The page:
2. Arkaja Singh responds to the paper here. Arkaja Singh traces developments in policymaking and law surrounding sanitation; and argues that the problem of manual scavenging is a consequence of incomplete municipalization of actual sanitation work.

IV. The next piece in this series is from Dr. Monika Polzin, Professor at the Institute for European and International Law, Vienna University of Economics and Business. Her paper is titled “The basic-structure doctrine and its German and French origins: a tale of migration, integration, invention and forgetting”, which can be found here.  This discussion has been coordinated by our legal editor, Mariyam Mayan. 

The abstract states- “One fascinating aspect of the Indian basic-structure doctrine for a German lawyer is that its origin and development were influenced by the German scholar, Dietrich Conrad. This paper therefore focuses on Conrad’s work and his French and German sources for the argument that there are implied limits on the amending power. It describes the journey of this idea to India and specifies which parts of these prior theoretical works were lost in time and space, which survived, and which were developed further. Finally, there is a comparison between the justification for the basic-structure in the Kesavanada judgment and the earlier German and French theoretical works. The main thesis is that the Indian basic-structure doctrine is a powerful example of how to justify implied limits on constitutional amendment based on a rule-of-law approach that is firmly rooted in the idea of a democratic and constitutional state”.

  1. The summary by Mariyam Mayan can be found here. 
  2. Professor Sanjay Jain responds to the paper here.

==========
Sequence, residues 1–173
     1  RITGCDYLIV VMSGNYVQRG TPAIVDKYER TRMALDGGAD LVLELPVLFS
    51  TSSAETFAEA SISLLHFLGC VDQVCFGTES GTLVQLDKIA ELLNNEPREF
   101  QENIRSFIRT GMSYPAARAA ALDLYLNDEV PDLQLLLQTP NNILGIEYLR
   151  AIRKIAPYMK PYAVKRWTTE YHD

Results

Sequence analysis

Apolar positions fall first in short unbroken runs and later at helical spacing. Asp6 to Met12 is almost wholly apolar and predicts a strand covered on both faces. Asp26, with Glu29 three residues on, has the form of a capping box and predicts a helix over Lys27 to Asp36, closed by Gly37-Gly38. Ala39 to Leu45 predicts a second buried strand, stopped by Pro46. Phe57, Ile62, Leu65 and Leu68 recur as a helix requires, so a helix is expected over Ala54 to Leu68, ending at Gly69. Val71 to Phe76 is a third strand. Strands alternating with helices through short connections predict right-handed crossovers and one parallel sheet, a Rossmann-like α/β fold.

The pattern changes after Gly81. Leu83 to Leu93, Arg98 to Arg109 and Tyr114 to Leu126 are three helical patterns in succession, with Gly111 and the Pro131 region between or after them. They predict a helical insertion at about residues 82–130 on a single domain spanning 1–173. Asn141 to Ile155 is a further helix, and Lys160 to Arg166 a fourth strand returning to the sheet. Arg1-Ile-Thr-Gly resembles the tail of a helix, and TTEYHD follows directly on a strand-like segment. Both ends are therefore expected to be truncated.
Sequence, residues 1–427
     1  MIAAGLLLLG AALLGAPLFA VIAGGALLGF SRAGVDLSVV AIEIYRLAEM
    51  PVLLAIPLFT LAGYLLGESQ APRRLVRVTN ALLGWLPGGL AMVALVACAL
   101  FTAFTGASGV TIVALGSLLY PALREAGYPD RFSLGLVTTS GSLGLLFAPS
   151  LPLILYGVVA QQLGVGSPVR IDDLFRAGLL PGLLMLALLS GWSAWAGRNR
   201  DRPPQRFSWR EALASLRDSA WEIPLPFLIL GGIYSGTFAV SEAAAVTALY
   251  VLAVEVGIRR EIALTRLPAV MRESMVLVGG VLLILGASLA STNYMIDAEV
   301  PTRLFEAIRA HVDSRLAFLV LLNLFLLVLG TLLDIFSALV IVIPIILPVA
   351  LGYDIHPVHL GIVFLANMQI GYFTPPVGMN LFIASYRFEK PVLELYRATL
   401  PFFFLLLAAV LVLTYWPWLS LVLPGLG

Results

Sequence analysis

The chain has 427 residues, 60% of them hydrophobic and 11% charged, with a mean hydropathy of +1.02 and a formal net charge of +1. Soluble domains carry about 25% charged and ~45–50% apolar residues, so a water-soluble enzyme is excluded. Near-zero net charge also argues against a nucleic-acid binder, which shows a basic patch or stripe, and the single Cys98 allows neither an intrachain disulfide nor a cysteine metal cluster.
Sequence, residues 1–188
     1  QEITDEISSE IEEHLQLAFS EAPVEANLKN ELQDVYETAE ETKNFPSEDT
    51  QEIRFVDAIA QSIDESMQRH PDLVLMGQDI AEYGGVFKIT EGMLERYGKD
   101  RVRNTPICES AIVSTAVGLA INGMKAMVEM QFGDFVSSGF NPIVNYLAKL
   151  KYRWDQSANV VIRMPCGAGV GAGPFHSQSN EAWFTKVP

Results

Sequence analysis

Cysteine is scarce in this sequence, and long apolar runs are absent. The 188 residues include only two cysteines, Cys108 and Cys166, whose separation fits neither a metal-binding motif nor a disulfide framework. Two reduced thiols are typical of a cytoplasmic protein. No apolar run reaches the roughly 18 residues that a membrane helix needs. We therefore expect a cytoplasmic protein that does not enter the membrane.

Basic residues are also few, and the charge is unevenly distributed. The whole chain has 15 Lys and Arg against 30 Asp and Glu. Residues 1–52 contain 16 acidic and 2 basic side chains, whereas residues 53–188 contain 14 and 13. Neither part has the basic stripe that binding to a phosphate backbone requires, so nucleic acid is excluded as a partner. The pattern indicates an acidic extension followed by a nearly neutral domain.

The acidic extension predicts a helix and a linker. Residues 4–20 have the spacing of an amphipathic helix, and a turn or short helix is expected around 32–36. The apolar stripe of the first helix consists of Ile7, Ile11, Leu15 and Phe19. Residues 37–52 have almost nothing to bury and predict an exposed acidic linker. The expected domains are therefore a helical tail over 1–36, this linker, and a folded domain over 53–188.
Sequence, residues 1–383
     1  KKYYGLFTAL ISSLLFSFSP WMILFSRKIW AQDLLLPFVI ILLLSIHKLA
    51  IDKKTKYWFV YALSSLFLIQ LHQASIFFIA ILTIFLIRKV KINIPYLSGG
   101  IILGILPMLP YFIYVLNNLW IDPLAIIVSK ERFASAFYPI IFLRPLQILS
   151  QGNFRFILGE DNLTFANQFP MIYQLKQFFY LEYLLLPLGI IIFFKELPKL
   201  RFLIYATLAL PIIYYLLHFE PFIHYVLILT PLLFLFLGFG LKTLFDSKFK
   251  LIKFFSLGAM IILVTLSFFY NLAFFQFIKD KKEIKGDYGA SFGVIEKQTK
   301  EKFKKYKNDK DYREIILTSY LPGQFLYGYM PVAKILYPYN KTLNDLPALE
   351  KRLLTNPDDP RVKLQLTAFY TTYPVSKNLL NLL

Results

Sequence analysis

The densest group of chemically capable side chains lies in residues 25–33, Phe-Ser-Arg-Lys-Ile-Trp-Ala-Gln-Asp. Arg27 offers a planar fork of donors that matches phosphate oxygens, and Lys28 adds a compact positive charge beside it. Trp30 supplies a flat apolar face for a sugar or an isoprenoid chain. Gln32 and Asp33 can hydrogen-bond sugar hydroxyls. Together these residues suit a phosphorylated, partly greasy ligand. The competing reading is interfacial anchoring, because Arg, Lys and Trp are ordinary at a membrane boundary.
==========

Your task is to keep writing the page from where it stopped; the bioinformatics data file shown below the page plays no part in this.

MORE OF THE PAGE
3. The response by Prasidh Raj Singh can be found here. He focuses on how Schmitt’s conceptualization of an almighty and mystical constituent power is a flawed approach, and how creating a distinction between essential norms or a Constitution and constitutional laws deceives the originality of the Constitution.


V. The next piece in this series, titled “The Standard of Assistance From Legal Aid Lawyers: An Indian Perspective” has been authored by Dr. Farzana Akter. She is a Professor at University of Dhaka. Dr. Farzana Akter completed her PhD under a joint PhD programme from the Vrije Universiteit Brussel (VUB) and Universiteit Gent, Belgium. The article can be found here. This discussion has been coordinated by our legal editor, Anushree Verma.

As per the abstract, this article “examines the standard of assistance provided by Indian legal aid lawyers in light of the international human rights normative framework. It demonstrates that the Indian legal aid system seeks to establish a functional framework to secure justice for all. However, it is not able to ensure that legal aid providers render effective assistance to the beneficiaries. As a result, the system complies with the international human rights standards in terms of legal provisions only; the quality of service delivered does not meet those standards. The article, therefore, recommends some measures to remedy the shortcomings of the Indian legal aid system to bring it into conformity with the international human rights standards and, eventually to guarantee effective assistance from legal aid lawyers”.

  1. The summary of the paper by our analysts, Mrityunjoy Roy and Saumya Khandelwal can be found here.
  2. Prof. Jeet Singh Mann and Pooja Tiwari respond to the paper here.
  3. Gale Andrew responds to the paper here